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Unshackling the Physician: Karandeep Singh on Glass & Primary Care

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Karandeep Singh, MD gives a Google Glass Demo last April at Boston’s Google headquarters. All photos provided by Jennifer Joe.

On April 23, 2014, the Boston medical community came together at the Boston Google headquarters to learn about the possibilities of wearables and Google Glass. Everyone was buzzing – What is Google Glass? What’s special about it? What does it even do? Can we use it in hospitals?

At the time of the event, Google Glass pilots had been live for some time. The biggest inspiration for the audience was the potential that Glass offered for physicians to actually unshackle from their work stations – a very real possibility for the near future.

In preparation for his keynote and demonstration at the upcoming Pri-Med East Conference, which will be held at the Boston Convention and Exhibition Center on September 11-14, we thought we’d catch up with Dr. Karandeep Singh. He presented his vision of the future of primary care last April, expressing a passion for helping doctors find freedom and joy in their clinics through Glass.

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Karandeep Singh, MD, speaks to a full house last April.

Dr. Singh is a Nephrology Fellow at the Brigham and Women’s Hospital (BWH) and a Biomedical Informatics graduate student at Harvard Medical School. He’s also the leader of BWH’s first Google Glass application. Like many doctors, Dr. Singh has expressed frustration about the functionality of today’s Electronic Health Records (EHRs):

The current EHR is designed such that the physician, nurse, and patient all work around it. When a physician steps out of one patient room and enters the next, the traditional EHR doesn’t follow behind. A wearable EHR creates the possibility of a new workflow in which the EHR is an extension of the physician.

Dr. Singh tells us he wants to “reevaluate and redesign the EHR to help clinicians deliver patient-centered care.” The current EHR is designed so that patients and physicians must work around it. EHRs demand information about immunizations and smoking habits, when all a patient really needs is a blood pressure medication refill. EHRs require mammoth monitor screens that sit between doctors and patients. Today’s EHRs even give red flags to correct unknown errors before printing a prescription to give to a patient. Dr. Singh says he envisions a “wearable EHR,” one that is built around the physician’s workflow and needs. This is where Google Glass comes in.

What does this “wearable EHR” look like? Dr. Singh says it will be able to do four time-saving and novel tasks:

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Dr. Singh presents at BWH Grand Rounds.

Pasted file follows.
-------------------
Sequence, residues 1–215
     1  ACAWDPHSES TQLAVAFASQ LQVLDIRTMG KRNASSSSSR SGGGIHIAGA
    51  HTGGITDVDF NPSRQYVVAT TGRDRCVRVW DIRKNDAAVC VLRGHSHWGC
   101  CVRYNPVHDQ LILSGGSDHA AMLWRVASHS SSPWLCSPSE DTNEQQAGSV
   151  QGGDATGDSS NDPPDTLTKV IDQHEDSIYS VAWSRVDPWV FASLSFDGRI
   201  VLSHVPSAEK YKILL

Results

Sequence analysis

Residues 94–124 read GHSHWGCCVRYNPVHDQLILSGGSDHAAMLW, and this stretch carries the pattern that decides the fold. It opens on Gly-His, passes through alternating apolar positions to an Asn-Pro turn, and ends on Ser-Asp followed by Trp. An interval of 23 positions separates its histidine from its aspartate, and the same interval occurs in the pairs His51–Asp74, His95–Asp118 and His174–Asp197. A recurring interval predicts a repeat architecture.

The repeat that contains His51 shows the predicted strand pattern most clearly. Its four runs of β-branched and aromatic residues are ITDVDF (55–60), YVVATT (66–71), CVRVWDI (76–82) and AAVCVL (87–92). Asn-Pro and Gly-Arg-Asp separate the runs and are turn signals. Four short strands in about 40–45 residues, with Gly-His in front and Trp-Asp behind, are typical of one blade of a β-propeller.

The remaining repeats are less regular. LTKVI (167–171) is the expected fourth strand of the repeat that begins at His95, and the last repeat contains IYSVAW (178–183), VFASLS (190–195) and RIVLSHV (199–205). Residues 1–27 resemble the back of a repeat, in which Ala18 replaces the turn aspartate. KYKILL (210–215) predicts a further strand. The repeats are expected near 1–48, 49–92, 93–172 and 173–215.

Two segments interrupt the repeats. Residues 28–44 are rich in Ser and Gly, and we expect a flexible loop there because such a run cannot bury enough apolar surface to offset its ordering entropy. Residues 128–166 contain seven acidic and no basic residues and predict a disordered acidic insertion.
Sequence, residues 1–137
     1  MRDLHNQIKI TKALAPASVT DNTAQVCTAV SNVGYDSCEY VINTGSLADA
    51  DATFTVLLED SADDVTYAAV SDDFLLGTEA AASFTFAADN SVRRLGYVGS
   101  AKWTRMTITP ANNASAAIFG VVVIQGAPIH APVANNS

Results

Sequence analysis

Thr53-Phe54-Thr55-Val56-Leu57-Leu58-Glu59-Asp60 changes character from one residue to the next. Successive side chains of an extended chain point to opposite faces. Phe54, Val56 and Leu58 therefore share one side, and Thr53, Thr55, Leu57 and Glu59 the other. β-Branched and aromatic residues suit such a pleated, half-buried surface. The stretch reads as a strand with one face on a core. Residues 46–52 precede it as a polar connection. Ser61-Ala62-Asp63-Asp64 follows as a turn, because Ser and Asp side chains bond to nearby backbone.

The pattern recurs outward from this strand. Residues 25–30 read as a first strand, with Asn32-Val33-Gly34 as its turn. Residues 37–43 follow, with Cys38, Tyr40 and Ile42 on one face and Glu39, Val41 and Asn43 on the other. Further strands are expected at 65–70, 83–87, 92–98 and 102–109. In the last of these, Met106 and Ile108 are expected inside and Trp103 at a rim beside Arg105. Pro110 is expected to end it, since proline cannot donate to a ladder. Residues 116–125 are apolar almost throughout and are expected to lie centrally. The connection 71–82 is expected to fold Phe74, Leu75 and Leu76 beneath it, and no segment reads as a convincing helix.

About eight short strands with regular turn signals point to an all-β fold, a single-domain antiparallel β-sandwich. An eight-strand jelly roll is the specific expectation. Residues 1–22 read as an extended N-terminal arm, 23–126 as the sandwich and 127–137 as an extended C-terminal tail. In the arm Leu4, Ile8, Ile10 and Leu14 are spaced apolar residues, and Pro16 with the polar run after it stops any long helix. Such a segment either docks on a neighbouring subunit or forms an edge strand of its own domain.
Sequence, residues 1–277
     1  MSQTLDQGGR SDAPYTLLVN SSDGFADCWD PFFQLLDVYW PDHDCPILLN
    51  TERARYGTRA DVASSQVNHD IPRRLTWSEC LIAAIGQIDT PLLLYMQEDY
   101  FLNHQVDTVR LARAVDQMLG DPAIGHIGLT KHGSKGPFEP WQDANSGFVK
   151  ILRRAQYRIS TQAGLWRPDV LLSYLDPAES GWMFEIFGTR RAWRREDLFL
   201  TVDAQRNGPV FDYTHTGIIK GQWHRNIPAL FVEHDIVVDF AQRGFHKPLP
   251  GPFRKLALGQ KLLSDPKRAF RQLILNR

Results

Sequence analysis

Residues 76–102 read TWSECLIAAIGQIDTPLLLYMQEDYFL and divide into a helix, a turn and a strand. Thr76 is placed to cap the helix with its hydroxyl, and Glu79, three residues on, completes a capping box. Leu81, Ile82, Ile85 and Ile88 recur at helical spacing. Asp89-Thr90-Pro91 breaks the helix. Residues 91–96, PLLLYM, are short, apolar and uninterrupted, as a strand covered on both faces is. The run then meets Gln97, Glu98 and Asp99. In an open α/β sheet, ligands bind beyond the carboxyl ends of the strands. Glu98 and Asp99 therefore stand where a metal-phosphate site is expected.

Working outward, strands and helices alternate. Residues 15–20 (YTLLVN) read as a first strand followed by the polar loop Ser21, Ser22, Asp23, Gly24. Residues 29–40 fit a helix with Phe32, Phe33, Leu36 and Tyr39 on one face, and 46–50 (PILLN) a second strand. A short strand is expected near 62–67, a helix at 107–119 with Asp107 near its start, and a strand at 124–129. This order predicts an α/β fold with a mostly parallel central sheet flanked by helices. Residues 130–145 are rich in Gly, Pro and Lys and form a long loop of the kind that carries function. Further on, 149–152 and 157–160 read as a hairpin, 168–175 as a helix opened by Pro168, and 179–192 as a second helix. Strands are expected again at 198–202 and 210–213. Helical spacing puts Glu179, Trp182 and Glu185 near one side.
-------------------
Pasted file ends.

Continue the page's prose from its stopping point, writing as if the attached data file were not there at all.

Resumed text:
1. Because the system knows where you are in the clinic, it will display content that it intuitively predicts you want.

    • For example, the Wearable EHR has your full docket of 20 or so patients. Depending on the time, list of patient appointments, and room you are in, it will know to display the patient’s most recent vital signs, lab reports, and progress notes.
  2. The system will allow physicians to make focused queries that can retrieve information from multiple sources.

    • For example, “fatigue” is a common complaint with a generally standard investigative route. Say you walk into a patient’s room, and the nurse has already recorded the chief complaint as “fatigue.” You will be able to say, “Glass, this patient is here with fatigue.” With just this one query, the Wearable EHR will display the most recent complete blood counts, chemistry panel, thyroid hormone results, any medications the patient is taking associated with fatigue and any current medical conditions associated with fatigue (ie, menstruation and anemia, history of sleep disorder, and allergic rhinitis).
  3. The Wearable EHR will be able to link systems.

    • For example, a physician will be able to say, “Glass, start the patient on the medication loratidine 10mg po qdaily for 30 days,” and the system will send the prescription to the patient’s pharmacy and print out or email handouts on how to take loratidine.
  4. The Wearable EHR would keep Task Lists for the physician.

    • Dr. Singh tells us he never wants to need to pull a piece of paper out of his pocket again. When seeing patients throughout his day, he will tell Glass the tasks needed for that patient–ie. call the patient’s daughter, order X, Y, and Z. And at the end of day, he can just ask Glass, “What do I need to do for Mr. Smith?”

What will Dr. Singh be demonstrating at the Pri-Med Conference on Saturday, September 13? Watch his demonstration at the Boston Google headquarters for a sneak peak.

Join Stephanie Shine, RN; Dr. Jennifer Joe; Dr. Karandeep Singh; Don Schwartz; Dr. Tristan Gorrindo; and Carlos Rodarte at Pri-Med’s East Conference for a panel on the power of Google Glass in healthcare, September 13th at noon. Register here under “Ticketed Events, Saturday”.

Jennifer M. Joe, MD

Jennifer M. Joe, MD

    My passion is healthcare optimization, whether that is with innovation, making scientific discoveries, or improving delivery. I love bringing people and ideas together and making projects work. With this, medicine exists to improve lives, and I will strive to always help patients and those around me.

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